“Our take is that while rates may rise sooner and faster than current market pricing, they are more likely to undershoot than overshoot the Fed’s latest median ‘dot point’ trajectory.”

Still, the diverging rate pathways between the Fed and most of the developed world meant the dollar should stay supported.

“Our view of the U.S. dollar remains broadly positive and we have always viewed that the correction of the past two weeks in the U.S. dollar is temporary,” said Heng Koon How, senior FX strategist for private banking and wealth management at Credit Suisse in Singapore.

(Additional reporting by Masayuki Kitano; Editing by Susan Fenton)

‘Perfect storm’ could send euro lower

“A perfect political and economic storm is brewing,” said BBH currency strategists led by Marc Chandler in a research note published Monday.

Despite the small bounce in the euro after the results were out, Societe Generale’s Kit Juckes said the currency could continue to decline against the dollar this week. He predicted the euro could move to, or through, $ 1.20, taking it to lows last seen at the apex of the euro zone debt crisis in 2010.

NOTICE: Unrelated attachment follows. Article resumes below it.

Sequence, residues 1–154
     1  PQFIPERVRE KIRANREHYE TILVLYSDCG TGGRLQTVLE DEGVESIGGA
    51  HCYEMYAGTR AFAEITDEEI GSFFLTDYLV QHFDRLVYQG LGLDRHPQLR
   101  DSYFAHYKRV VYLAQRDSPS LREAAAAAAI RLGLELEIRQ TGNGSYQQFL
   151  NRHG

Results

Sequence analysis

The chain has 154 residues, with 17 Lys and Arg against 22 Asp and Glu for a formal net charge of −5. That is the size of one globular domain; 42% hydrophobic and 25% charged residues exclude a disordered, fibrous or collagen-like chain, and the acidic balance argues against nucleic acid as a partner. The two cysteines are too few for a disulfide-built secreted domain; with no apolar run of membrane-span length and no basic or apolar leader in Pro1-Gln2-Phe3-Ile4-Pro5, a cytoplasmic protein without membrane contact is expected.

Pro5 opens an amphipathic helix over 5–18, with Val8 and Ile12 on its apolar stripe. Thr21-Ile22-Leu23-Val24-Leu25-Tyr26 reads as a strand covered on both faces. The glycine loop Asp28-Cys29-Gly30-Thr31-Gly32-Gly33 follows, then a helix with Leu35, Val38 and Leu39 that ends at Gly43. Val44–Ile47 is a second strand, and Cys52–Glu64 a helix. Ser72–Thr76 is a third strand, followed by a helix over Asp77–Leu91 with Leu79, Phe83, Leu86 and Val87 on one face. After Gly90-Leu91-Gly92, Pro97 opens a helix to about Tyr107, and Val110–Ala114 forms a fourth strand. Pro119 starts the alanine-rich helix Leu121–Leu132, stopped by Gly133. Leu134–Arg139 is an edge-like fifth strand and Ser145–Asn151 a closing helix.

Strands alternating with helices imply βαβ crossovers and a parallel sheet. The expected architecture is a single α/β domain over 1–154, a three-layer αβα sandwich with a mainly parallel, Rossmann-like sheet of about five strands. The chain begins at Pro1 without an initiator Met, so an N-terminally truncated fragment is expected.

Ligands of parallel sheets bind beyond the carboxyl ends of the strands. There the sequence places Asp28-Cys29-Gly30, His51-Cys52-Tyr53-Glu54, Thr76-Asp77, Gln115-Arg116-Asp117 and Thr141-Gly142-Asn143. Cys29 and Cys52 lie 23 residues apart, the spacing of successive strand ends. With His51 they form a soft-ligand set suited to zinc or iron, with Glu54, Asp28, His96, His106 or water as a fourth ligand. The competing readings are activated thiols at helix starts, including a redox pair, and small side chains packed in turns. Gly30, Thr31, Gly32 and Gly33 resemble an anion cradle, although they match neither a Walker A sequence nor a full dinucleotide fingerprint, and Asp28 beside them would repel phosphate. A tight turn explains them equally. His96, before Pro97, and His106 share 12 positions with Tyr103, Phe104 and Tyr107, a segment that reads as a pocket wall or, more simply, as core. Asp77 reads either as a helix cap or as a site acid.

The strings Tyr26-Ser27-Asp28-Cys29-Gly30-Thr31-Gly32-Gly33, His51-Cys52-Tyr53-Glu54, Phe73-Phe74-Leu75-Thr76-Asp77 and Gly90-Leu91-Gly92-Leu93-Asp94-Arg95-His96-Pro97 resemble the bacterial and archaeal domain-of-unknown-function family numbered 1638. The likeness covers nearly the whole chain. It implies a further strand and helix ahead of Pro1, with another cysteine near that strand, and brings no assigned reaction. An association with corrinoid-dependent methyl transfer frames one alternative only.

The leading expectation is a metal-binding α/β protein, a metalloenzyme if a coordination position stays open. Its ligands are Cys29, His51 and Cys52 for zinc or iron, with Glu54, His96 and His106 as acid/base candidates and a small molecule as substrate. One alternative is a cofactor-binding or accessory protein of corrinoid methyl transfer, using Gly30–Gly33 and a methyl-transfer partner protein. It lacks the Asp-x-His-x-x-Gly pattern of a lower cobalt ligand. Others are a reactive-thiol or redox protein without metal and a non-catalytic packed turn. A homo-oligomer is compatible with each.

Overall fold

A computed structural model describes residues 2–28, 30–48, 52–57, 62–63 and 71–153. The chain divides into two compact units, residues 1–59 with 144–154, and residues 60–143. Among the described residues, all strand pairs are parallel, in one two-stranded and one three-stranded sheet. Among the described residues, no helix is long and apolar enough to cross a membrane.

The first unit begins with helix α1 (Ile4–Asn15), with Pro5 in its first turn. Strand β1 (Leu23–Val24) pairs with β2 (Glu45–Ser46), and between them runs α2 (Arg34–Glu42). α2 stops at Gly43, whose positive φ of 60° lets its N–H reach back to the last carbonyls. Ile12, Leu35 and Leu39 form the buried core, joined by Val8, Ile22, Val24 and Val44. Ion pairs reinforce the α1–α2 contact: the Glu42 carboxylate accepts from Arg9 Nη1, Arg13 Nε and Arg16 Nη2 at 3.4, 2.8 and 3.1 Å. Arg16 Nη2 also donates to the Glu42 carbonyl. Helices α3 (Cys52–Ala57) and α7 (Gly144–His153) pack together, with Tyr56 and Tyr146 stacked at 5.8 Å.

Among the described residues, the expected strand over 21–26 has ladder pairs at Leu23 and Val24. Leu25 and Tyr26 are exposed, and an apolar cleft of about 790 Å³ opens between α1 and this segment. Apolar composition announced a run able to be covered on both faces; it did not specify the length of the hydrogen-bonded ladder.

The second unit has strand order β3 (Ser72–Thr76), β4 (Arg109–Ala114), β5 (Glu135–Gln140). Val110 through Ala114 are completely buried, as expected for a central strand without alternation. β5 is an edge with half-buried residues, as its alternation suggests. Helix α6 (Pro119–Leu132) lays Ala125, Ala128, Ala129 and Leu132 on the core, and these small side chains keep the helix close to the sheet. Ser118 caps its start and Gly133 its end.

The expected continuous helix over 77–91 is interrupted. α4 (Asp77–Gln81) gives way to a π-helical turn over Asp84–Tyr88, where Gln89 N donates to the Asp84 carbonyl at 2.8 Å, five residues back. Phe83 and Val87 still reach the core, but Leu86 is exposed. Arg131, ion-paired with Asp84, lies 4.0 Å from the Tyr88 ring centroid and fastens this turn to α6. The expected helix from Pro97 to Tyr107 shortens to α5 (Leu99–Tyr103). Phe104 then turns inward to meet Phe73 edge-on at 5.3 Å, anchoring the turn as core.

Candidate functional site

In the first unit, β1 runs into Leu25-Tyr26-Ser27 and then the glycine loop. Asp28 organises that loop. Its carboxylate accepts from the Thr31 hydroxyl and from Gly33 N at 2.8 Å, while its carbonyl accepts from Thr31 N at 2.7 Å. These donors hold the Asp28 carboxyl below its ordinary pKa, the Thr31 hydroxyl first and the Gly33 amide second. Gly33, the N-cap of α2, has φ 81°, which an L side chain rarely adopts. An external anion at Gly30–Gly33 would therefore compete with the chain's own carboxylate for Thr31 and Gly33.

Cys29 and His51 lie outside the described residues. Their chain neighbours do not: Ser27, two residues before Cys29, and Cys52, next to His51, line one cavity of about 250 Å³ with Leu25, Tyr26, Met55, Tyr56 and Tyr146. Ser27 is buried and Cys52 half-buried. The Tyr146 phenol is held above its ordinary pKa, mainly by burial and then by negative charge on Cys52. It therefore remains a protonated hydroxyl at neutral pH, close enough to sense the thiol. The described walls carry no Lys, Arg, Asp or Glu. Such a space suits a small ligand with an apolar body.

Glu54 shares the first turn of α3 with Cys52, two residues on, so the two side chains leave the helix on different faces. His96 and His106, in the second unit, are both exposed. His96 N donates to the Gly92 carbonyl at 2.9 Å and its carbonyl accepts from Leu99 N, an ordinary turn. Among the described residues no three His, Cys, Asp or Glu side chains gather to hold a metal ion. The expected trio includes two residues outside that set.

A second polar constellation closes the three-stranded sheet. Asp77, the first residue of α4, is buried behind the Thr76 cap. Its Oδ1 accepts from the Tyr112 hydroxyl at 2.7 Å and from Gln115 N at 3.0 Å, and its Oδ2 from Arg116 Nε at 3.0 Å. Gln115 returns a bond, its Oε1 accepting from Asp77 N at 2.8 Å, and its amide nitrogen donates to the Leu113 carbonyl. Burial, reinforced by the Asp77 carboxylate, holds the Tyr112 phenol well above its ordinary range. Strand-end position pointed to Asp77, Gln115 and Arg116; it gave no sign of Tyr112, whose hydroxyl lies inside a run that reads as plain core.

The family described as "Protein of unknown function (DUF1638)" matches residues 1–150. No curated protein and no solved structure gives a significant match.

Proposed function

“The failure (of Monday’s vote in Greece) was widely expected, so the immediate response is minimal, despite Greek yields being higher and Greek stocks having failed to bounce,” the macro strategist told CNBC via email.

“I think if the euro starts to fall, it could gather some downward momentum, given the uncertainty about the outcome of the elections.”

Read MoreGreek stocks tank as snap election called

'Perfect storm' could send euro even lower

“A perfect political and economic storm is brewing,” said BBH currency strategists led by Marc Chandler in a research note published Monday.

Despite the small bounce in the euro after the results were out, Societe Generale’s Kit Juckes said the currency could continue to decline against the dollar this week. He predicted the euro could move to, or through, $ 1.20, taking it to lows last seen at the apex of the euro zone debt crisis in 2010.